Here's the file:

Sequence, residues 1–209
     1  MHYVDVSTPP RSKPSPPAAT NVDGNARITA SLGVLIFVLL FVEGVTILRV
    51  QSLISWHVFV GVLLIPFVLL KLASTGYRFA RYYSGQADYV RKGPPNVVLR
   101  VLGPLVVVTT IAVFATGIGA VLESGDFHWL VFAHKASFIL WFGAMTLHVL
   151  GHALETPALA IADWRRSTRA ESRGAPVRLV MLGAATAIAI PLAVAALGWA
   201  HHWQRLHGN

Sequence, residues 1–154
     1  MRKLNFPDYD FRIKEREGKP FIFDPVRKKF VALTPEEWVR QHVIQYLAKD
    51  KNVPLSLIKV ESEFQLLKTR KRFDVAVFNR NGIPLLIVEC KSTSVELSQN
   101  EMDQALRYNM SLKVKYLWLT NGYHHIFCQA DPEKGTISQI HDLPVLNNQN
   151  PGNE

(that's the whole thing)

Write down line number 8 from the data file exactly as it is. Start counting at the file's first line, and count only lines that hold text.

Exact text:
     1  MRKLNFPDYD FRIKEREGKP FIFDPVRKKF VALTPEEWVR QHVIQYLAKD